I should be more fearful of death. I fear dying in some painful way, like being burned to death, but dying in general, I don’t have a big fear of it.

    1. I don’t believe any of the fears you mention are abnormal. They seem very normal to me. I think fearing the death or potential circumstances of our loved ones is a form of transference. I believe love transfers our own fear of death onto those we love. As a result they become what we are willing to sacrifice ourselves for – what we are ultimately willing to die for if need be. This isn’t a bad thing. I believe a high purpose. People to love may be necessary for overcoming our own fears in that sense. Thank you taking the time to read and leave your thoughts. I appreciate it. 🙏

  4. Hello AP2. Thank you for your very comprehensive and illuminating response to my questions. I would like to take the liberty of sharing a real-life story with you, if I may.

    Francis was a fifty-year-old man who had been diagnosed with Carcinomic Cancer; the prognosis was that he would only live for three months. Francis was a church-going man and was loved by all in that small community. (For whatever value this might serve, I am not a churchgoer, although I respect those that do and Francis was no exception to this.) The community prayed for him and Francis said he had faith that he would be healed.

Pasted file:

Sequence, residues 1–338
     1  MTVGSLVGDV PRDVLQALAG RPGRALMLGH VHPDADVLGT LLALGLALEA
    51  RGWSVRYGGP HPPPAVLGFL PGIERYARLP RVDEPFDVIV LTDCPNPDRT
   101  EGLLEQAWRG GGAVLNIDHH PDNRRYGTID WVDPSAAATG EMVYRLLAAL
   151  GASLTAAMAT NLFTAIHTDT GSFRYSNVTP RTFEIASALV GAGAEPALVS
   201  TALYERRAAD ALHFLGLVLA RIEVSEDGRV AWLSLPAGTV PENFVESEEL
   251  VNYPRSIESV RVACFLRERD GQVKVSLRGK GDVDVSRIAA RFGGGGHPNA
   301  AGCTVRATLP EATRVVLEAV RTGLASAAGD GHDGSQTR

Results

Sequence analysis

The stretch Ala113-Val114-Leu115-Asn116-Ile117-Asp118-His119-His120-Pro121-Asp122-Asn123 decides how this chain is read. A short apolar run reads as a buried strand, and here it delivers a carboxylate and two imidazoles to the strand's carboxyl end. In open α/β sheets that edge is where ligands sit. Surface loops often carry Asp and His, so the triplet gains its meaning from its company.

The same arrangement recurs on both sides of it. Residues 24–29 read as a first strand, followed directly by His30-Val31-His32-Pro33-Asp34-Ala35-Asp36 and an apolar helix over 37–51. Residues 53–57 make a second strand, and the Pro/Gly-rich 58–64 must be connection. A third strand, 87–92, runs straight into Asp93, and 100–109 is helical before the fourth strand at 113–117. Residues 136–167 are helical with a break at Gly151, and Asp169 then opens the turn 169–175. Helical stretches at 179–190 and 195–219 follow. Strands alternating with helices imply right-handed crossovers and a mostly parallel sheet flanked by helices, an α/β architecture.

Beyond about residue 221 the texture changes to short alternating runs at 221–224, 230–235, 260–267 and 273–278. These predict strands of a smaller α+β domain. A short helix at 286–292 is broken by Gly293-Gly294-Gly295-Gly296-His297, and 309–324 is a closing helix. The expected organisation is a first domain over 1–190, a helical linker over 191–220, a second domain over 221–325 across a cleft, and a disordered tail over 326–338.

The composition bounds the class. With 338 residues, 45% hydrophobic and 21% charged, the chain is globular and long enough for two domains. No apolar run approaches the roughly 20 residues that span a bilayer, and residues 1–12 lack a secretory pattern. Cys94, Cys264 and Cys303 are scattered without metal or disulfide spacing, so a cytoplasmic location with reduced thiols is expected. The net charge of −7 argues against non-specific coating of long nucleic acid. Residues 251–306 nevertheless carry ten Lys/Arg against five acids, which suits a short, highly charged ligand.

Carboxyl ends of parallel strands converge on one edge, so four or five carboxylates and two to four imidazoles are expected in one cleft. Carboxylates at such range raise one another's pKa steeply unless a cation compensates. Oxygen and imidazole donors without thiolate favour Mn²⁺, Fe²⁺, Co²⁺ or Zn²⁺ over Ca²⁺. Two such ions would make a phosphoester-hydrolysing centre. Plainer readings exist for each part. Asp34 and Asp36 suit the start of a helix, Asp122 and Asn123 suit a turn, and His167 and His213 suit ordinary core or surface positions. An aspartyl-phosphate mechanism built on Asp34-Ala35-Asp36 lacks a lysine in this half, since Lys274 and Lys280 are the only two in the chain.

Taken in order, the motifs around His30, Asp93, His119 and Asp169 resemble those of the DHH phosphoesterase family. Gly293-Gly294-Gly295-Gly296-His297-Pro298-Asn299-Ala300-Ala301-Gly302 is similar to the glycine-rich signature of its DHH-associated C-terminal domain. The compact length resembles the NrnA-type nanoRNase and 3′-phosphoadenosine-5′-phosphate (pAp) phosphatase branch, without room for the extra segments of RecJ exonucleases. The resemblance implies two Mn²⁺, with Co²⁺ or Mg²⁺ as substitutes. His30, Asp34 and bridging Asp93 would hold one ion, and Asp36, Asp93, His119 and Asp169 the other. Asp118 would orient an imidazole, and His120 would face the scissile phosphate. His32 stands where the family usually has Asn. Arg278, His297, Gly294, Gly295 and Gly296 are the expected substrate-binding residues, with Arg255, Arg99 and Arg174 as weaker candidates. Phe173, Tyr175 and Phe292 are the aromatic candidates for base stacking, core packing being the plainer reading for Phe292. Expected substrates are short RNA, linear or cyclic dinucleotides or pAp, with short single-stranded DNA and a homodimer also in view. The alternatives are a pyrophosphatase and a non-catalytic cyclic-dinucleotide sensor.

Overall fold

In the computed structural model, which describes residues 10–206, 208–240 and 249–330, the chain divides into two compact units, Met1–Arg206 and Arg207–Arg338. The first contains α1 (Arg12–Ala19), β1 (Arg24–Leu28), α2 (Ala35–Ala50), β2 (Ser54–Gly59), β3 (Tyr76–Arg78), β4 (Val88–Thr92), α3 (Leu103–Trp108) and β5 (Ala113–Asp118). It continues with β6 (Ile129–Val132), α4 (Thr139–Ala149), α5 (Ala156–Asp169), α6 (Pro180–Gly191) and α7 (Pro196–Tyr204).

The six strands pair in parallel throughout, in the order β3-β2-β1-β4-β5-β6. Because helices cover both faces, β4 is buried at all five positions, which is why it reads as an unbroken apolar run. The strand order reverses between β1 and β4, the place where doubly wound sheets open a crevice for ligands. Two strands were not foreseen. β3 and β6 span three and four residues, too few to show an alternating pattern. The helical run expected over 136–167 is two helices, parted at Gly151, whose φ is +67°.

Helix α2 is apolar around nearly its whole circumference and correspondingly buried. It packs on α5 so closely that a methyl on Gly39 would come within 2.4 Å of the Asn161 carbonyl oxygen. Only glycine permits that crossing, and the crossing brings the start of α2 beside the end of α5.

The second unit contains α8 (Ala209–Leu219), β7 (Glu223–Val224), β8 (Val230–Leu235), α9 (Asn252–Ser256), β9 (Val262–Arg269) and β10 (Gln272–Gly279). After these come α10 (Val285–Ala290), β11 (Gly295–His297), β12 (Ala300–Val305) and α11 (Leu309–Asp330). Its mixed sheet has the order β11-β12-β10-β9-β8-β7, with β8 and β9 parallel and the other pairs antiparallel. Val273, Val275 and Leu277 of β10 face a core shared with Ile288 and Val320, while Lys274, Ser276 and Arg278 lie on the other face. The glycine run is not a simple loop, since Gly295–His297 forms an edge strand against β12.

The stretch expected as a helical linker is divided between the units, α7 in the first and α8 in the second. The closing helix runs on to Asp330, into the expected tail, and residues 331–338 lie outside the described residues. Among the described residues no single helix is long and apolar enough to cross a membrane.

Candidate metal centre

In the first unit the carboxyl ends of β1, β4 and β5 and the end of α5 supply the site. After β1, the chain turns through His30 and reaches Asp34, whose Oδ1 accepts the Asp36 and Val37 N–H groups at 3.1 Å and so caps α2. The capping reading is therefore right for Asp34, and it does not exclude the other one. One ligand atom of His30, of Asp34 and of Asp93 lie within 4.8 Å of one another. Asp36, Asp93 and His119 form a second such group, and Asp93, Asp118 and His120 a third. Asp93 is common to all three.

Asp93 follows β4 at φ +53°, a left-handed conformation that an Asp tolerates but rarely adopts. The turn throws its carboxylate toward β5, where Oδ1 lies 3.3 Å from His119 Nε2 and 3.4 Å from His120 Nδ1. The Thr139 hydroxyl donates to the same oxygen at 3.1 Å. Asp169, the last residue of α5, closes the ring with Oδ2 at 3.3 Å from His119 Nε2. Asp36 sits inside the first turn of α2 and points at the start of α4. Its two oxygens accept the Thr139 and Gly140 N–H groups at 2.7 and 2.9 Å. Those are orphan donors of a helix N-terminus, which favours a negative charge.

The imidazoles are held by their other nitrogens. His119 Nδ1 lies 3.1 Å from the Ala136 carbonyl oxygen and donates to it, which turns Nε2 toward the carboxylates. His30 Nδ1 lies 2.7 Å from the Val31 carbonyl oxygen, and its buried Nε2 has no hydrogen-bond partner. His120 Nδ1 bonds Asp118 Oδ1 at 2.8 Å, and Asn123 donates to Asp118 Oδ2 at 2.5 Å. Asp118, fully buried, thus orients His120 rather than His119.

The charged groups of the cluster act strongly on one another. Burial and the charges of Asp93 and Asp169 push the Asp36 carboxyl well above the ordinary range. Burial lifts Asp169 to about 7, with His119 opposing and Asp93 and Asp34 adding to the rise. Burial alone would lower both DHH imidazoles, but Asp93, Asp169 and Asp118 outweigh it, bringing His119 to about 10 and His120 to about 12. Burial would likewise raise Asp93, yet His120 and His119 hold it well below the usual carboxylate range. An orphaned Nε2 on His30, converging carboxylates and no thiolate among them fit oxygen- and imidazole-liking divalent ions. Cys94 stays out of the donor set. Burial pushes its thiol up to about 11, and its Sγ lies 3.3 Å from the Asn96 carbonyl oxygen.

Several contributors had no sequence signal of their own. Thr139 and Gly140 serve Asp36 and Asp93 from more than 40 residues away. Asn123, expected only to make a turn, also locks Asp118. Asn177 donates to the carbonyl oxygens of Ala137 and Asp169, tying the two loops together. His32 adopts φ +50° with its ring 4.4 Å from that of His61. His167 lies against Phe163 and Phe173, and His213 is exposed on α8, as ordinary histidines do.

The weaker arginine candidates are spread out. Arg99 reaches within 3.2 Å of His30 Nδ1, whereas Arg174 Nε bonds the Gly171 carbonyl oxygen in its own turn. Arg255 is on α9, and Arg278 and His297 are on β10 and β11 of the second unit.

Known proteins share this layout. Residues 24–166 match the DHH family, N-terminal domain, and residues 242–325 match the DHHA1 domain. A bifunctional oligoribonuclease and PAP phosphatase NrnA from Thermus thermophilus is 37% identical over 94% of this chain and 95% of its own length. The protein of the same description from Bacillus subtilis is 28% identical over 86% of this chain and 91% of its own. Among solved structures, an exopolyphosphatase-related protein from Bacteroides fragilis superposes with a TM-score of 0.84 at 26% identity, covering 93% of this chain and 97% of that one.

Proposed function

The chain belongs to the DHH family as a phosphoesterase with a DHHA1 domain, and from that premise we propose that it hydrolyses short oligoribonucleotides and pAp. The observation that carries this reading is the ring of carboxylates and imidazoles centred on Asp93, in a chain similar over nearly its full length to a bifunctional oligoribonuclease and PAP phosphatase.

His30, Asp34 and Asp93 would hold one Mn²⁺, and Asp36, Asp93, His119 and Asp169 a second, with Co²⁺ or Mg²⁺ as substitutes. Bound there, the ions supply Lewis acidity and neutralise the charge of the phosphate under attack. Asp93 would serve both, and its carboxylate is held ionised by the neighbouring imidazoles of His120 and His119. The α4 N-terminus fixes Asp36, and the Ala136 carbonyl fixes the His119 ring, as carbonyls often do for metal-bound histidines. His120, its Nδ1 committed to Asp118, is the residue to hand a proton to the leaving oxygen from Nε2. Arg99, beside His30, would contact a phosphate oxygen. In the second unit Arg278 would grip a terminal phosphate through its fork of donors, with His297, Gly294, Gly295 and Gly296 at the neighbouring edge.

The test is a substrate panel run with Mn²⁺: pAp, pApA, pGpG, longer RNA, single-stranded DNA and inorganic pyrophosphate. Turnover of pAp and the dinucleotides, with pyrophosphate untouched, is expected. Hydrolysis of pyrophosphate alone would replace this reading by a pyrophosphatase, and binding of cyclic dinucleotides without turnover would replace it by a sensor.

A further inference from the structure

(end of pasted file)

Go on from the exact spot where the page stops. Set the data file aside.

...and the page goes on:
He lived for two and a half years in excruciating pain and progressively degenerated in body and morale. He called me to his bedside and asked if he was wrong to be believing he would be healed.

    My answer to him was, “Ask your God this question because only your God can advise you.” A couple of weeks on, late at night, he telephoned me. “I have got my answer. I was right to have had faith to believe I would be healed because however I suffered, I was given some extra time. Now I am tired and I’m ready to go home.”
    Two days later he died in the arms of his brother, peacefully, lovingly. Over the years of our relationship, we discussed the matter of death and agreed that we had no fear of dying because both believed (had the faith to accept) we were moving on to another life. Bless you AP2

  5. First, thank you for liking my post (a lot less substantial than your writing!). Very interested in your views and wondered whether/how you might relate it all to the current pandemic and the measures taken by governments across the world to deal with it – which in part seem to involve inculcating fear in the population.